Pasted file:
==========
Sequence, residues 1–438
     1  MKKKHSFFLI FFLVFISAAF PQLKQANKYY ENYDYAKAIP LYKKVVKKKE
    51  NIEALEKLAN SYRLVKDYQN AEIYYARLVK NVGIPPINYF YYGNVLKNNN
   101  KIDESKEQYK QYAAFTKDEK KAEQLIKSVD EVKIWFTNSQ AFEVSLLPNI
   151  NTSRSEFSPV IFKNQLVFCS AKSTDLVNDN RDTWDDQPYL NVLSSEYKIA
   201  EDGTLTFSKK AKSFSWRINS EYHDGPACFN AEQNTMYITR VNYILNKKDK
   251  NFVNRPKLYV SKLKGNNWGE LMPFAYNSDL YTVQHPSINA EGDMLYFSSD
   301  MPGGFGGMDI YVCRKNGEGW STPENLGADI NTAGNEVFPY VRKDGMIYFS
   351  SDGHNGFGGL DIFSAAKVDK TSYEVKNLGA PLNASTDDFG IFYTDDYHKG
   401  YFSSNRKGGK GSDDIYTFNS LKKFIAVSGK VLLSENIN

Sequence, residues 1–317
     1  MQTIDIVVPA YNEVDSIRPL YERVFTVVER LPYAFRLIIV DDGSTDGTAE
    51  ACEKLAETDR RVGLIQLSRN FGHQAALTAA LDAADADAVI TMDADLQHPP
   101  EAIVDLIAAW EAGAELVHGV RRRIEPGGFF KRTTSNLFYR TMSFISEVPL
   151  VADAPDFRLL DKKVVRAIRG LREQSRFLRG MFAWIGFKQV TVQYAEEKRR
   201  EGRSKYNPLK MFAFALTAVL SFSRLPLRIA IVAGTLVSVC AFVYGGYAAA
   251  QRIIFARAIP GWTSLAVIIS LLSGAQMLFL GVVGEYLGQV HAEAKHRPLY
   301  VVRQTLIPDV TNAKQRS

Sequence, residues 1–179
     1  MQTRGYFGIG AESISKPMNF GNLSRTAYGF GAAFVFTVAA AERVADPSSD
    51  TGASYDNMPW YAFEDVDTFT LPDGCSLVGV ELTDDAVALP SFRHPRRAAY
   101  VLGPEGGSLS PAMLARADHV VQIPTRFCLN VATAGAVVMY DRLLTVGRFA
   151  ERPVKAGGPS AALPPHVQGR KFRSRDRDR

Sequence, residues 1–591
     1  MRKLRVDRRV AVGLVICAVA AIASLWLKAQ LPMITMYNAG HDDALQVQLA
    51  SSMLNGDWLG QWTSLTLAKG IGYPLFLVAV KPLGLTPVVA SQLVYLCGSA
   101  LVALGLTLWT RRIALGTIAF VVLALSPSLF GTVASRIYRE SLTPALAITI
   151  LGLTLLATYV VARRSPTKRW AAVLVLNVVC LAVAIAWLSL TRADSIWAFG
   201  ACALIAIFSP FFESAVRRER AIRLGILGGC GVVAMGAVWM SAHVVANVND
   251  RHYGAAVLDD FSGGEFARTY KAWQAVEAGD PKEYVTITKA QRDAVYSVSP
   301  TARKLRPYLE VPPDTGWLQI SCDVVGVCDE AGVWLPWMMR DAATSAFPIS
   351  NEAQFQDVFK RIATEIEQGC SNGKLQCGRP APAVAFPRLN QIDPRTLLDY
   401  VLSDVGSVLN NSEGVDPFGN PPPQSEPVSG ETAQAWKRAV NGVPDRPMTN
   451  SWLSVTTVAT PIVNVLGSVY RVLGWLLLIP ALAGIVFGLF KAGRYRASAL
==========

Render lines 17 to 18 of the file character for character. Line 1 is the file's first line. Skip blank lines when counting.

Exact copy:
   251  QRIIFARAIP GWTSLAVIIS LLSGAQMLFL GVVGEYLGQV HAEAKHRPLY
   301  VVRQTLIPDV TNAKQRS